The following originally appeared on The Upshot (copyright 2019, The New York Times Company)
There’s a logic to out-of-pocket medical payments. They’re supposed to make patients think twice before spending money on unnecessary health care.
When it comes to drugs, however, they’re often preventing people from getting necessary care.
A recent data brief from the National Center for Health Statistics said about a quarter of adults who had diagnosed diabetes asked their physician if there was a lower-cost medication they could try, even if things were working for them.
Thirteen percent of them had not taken their medication as prescribed because of the cost.
Some of these patients were uninsured. More than a third of such patients had not taken their medication as prescribed because of the cost; that was also the case for about 18 percent of those with Medicaid. What might be surprising, though, is that 14 percent of patients with private insurance went without their medication as well.
A study in Diabetes Research and Clinical Practice last year examined data on cost-related skipping of diabetes medication. They found that more than 16 percent of those with diabetes engaged in this practice. Those who used insulin and those who earned less than $50,000 per year were more likely to do so.
Such behavior isn’t localized to diabetes. Multiple studies have shown that when more cost sharing is involved, patients are less likely to stick to drug therapy. This is true when considering birth control, as well as the treatment of high cholesterol, high blood pressure and other chronic care medications.
It’s even true in cancer.
Before the introduction of tyrosine kinase inhibitors (T.K.I.s), patients with chronic myeloid leukemia could expect to live five to six years after diagnosis. These medications, taken orally every day, can lead to full life spans. They are costly, however, and need to be taken for the rest of a patient’s life.
In 2013, Stacie Dusetzina, an associate professor of health policy at Vanderbilt University School of Medicine, and colleagues published a study in which they looked at health plan claims from 2002 through 2011. They wanted to examine adults who had chronic myelogenous leukemia and who initiated therapy with imatinib, the first tyrosine kinase inhibitor. These were all patients with private insurance.
The researchers found that patients with relatively higher monthly co-payments ($53) were more likely to discontinue therapy within six months than those with lower co-payments (17 percent versus 10 percent).
Stopping the therapy can lead to recurrence, even death. “One of the biggest concerns about cutting back on medications due to cost is that some medications only work well if you take them exactly as prescribed,” Dr. Dusetzina said. “Even worse than that, in some cases if you take only part of what you are prescribed, your disease can change so the drugs no longer work for you. This can happen in the type of cancer that imatinib and other T.K.I.s are used to treat.”
More than 8 percent of all Americans between 18 and 64 have not taken medication as prescribed because of the cost to them. Even 6 percent of those with private insurance haven’t taken recommended drugs because of what they still had to pay.
This is mainly an American problem. A study published two years ago in BMJ Open compared rates of cost-related skipping of drugs among people 55 and older in 11 high-income countries. Most countries had a prevalence lower than 4 percent. The second-to-highest rate was in Canada, at 8 percent. (This was still less than half the prevalence we see in the United States, at almost 17 percent.)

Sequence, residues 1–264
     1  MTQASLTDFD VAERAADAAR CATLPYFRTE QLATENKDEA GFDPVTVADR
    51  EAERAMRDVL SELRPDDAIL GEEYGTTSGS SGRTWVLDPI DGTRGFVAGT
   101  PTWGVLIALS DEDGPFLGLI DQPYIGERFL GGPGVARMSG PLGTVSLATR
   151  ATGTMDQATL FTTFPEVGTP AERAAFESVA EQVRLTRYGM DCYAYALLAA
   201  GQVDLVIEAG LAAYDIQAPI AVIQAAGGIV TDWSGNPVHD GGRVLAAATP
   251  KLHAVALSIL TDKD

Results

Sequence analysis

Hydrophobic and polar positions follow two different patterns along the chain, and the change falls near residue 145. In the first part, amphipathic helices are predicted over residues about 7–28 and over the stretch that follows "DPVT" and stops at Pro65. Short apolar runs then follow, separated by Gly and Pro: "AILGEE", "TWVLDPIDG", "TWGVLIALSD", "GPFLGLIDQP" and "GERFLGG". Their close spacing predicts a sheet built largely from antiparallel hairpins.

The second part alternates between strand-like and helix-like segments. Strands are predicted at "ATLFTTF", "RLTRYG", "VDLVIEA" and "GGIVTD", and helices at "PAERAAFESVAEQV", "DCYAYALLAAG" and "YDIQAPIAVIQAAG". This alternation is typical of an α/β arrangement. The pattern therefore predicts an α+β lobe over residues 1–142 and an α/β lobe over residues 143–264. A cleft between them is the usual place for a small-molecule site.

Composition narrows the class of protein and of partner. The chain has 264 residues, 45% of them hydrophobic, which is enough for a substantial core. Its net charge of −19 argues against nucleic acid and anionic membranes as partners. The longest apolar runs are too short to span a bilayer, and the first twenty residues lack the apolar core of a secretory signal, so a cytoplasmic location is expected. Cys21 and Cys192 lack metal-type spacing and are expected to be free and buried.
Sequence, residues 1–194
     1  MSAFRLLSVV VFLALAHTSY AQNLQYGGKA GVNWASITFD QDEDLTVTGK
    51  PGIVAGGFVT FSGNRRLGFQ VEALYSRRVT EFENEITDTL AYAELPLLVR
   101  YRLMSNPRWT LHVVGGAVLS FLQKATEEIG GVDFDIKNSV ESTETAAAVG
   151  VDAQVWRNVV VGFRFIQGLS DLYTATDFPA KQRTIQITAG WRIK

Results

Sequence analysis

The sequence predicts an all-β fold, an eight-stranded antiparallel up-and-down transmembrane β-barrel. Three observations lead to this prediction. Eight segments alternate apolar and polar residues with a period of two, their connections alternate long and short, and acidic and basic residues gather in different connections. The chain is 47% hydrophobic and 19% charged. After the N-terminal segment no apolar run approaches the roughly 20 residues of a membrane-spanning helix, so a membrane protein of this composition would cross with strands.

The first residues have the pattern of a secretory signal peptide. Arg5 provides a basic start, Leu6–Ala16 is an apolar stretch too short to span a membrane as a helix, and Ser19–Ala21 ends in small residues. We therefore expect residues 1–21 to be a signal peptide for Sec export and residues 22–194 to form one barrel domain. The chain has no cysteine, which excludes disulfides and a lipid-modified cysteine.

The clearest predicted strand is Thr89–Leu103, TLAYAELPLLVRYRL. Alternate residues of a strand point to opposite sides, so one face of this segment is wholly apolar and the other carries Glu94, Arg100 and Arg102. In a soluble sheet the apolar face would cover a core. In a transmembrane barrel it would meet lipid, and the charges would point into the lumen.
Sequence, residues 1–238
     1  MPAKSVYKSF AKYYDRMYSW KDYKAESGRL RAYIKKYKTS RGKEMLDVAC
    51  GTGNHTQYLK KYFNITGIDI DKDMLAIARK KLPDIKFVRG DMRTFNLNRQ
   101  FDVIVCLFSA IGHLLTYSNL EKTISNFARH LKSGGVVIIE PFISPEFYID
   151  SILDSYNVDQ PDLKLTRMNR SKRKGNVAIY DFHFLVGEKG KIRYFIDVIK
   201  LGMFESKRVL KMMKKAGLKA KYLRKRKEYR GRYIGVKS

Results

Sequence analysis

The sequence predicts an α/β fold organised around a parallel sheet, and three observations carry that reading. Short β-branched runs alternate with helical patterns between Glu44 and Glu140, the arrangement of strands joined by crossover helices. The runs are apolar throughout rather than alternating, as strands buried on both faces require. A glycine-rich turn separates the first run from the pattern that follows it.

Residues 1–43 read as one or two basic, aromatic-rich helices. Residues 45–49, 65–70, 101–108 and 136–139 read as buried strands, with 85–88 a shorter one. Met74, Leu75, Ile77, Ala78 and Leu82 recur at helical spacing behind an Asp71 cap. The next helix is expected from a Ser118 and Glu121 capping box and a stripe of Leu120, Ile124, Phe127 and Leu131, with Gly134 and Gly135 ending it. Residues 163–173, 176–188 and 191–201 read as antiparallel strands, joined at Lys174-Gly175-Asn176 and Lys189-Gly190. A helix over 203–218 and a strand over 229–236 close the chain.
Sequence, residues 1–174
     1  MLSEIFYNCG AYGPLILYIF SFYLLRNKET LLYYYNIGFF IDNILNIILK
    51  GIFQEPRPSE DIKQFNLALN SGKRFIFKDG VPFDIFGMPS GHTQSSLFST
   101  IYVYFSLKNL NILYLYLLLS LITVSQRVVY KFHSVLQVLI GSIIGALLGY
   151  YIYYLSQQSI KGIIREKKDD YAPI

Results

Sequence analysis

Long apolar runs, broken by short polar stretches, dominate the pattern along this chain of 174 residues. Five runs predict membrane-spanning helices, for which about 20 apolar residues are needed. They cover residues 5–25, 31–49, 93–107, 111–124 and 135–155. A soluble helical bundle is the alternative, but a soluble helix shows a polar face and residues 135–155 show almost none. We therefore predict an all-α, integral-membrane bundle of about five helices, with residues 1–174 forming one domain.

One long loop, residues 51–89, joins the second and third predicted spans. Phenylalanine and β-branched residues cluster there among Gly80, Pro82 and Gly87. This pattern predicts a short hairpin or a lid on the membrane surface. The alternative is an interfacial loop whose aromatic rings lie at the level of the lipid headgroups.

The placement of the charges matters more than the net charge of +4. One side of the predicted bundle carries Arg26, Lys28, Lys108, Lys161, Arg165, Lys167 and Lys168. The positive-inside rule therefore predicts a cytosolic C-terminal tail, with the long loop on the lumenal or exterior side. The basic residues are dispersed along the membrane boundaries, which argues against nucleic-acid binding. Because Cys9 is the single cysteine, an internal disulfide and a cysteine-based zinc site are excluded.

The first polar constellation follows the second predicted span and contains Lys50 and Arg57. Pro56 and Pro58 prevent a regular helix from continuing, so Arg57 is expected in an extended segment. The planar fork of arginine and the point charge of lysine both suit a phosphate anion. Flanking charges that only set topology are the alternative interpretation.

Canada’s single-payer system is sometimes held up as the preferred “other” model to the American status quo. But its drug coverage isn’t so good compared with the rest of the world. Pharmaceutical coverage is not part of Canada’s Medicare system, and differs from province to province. Still, Canadians do better than Americans.
A study in Clinical Therapeutics about a decade ago specifically compared the rates of cost-related nonadherence in the United States and Canada. Uninsured Americans were seven times as likely to skip doses of medication. Those with public or private insurance were more than twice as likely.
Insurance isn’t enough, it seems clear. In 2015, researchers published a study in the Journal of General Internal Medicine that looked at medication adherence and cost-saving strategies of those who have Medicare. About 40 percent of this population took actions to try to cut their costs. Some are relatively innocuous — asking for free samples, for example. But more than 3 percent of those surveyed admitted to buying their drugs from another country, and almost 3 percent bought drugs over the internet.
Almost 13 percent split their pills or took less than the prescribed amount to make medications last longer. But this is not how medications work. With many drugs, like imatinib, it can even make things worse.
Most of the discussions around the cost of drugs focus on the extreme amounts that the system will have to pay drug companies so that people can get them. Relatively few discussions focus on the relatively smaller amounts we still require of patients to receive them. These smaller amounts are still a major barrier to care.
“Unfortunately, we — as a society — don’t do a good job of making it easier to afford care with clear benefit and harder to pay for care that is more questionable,” Dr. Dusetzina said. “If we weighed those trade-offs more, I think we could get to a place where drugs that worked were affordable for patients, and companies were paid for their very high-value products.”
Cost sharing is supposed to lower spending without sacrificing quality. It was not meant to prevent patients who need drugs from receiving them.